Over the past three days, officials in Kiev have fumed as pro-Russian activists seized government buildings in several eastern Ukrainian cities. They vowed to strike back, issued ultimatums for the activists to depart the buildings, and then let those deadlines lapse. On Tuesday, Kiev finally delivered on its threats.

Ukraine's acting President Oleksandr Turchynov announced that his armed forces had launched an “anti-terrorist” operation against activists and gunmen who have seized government buildings and an airport. On cue, Ukrainian forces rolled east. And as has been the case throughout the Ukrainian protest -- from the revolts on the Maidan to the chaos in Crimea -- the whole thing played out on YouTube.

In one of the more dramatic scenes of the day, video emerged of a group of men attempting to stop a Ukrainian tank outside Sloviansk. It’s exactly as crazy as it sounds:

Near Donetsk, a similar scene played out when a Ukrainian military convoy tried to make progress on a road crowded with onlookers.

Here, near Sloviansk, Ukrainian troops received a warmer welcome:

Elsewhere, Ukrainian forces happily talked to the media while posing in front of their armored personnel carriers. Here, a soldier talks to RT near Izium, where Ukrainian forces appear to have staged before launching an assault on the airport near Kramatorsk, which had been seized by pro-Russian forces.

A fighter jet, by all appearances an Su-30, could also be seen in the area:

While conflicting reports emerged from Kramatorsk, Ukrainian forces appeared to have gained control of the airbase. Ukrainian forces said they clashed with some 30 gunmen at the small base, but reports of casualties were conflicting. The Ukrainian government claimed there were none, while Russian media claimed that between four and 11 had been killed in the operation. By evening a large, angry separatist crowd had gathered outside the base. Many of them are reportedly quite drunk and are swearing at the Ukrainian soldiers who now control the base.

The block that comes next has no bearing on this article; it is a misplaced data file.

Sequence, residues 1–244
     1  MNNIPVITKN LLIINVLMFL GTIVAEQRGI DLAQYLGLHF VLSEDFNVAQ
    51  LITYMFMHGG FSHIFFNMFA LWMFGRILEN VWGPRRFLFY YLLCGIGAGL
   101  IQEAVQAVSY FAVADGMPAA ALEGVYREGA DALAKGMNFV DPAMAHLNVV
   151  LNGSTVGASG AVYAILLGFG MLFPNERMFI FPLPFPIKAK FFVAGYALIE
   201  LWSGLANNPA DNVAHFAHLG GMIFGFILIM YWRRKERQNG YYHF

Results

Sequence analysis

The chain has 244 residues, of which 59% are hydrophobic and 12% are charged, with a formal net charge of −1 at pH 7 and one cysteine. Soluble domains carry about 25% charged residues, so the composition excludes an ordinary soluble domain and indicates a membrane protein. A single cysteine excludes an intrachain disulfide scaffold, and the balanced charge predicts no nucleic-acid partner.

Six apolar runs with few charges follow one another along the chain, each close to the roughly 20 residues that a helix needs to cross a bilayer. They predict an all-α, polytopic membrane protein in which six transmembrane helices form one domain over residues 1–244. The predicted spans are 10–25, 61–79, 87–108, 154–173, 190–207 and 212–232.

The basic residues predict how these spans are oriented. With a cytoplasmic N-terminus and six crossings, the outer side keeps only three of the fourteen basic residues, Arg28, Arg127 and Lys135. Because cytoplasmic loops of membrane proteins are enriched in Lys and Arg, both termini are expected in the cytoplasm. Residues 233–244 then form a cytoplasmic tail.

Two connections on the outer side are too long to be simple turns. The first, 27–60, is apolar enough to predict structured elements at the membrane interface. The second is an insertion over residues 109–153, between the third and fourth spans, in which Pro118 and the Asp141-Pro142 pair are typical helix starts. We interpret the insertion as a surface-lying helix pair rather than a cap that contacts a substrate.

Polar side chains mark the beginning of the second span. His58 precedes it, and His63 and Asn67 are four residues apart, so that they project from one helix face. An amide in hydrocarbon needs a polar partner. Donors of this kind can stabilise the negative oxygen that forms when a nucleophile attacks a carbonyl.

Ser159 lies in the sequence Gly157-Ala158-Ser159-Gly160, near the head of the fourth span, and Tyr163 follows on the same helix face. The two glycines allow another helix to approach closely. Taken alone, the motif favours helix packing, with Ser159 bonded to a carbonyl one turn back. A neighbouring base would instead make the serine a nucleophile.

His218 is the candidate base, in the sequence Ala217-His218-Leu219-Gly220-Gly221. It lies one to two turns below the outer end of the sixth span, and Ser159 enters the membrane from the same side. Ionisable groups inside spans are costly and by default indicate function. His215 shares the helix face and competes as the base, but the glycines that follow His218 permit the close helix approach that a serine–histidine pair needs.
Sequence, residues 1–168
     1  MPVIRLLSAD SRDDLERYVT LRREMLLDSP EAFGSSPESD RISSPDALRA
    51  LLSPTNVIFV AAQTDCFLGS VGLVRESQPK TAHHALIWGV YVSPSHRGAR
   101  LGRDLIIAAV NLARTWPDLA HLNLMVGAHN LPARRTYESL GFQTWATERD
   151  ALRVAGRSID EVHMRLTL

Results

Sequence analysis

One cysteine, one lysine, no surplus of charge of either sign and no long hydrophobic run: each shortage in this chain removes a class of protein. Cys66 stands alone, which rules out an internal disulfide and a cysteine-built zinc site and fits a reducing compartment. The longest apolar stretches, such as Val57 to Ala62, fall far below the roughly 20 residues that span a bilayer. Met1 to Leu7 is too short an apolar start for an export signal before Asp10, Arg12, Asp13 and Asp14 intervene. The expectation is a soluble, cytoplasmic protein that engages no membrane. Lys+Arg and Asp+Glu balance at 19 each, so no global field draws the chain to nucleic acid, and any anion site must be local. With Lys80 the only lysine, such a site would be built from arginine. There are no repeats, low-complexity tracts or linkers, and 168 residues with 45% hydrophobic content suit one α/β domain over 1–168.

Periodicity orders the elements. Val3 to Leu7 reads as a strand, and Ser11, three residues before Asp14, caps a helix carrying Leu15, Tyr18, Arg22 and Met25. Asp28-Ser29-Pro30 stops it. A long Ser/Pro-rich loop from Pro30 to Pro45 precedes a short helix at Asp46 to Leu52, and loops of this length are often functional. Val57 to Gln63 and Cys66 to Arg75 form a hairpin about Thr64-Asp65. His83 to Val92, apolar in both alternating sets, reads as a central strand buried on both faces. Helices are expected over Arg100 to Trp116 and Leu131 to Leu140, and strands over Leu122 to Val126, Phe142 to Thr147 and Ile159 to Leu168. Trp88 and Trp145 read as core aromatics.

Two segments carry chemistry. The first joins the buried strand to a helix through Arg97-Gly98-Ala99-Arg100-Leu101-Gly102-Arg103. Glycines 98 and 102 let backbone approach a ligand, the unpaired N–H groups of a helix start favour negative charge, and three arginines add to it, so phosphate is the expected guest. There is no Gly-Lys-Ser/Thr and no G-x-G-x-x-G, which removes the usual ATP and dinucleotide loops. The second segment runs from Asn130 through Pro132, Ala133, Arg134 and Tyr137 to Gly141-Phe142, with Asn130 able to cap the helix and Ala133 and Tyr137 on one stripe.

With Ukrainian forces having mobilized, Tuesday's events represented an escalation of the crisis in eastern Ukraine. According to Yulia Tymoshenko, the country's former prime minister and candidate for president, the country is already at war with Russia. "We have to tell the Ukrainians the truth: the Russian Federation is waging a real war against Ukraine in the east, in the Donetsk and Luhansk regions in particular," she said Tuesday.

U.S. officials have claimed that Russia has deployed agents in Ukraine's east to provoke unrest and provide a pretense for Russian forces massed on Ukraine's border to invade. Speaking in Beijing, Russian Foreign Minister Sergei Lavrov condemned Kiev's attempt to calm unrest. "You can't send in tanks and at the same time hold talks. The use of force would sabotage the opportunity offered by the four-party negotiations in Geneva," he said, referring to talks between Russia, the United States, the EU, and Ukraine, that are scheduled for Thursday.

Should Russian forces cross the Ukrainian border, there are several possible scenarios that could play out. They could claim a limited swath of territory in the south and east, opening a land corridor to Crimea or attempt a broader land grab and seize large portions of the country east of the Dnieper.

According to Igor Sutyagin, a fellow at Royal United Services Institute who has written about the Russian military's plans in Ukraine, Russian President Vladimir Putin probably has not decided on a course of action. "Putin is a tactician. He does not know what he will do," Sutyagin said in an interview. "Many want to believe that Putin has some sort of plan. The problem is that he does not, and that is even more dangerous. The problem is that he reacts to opportunities that he very often gets wrong."

 

ANASTASIA VLASOVA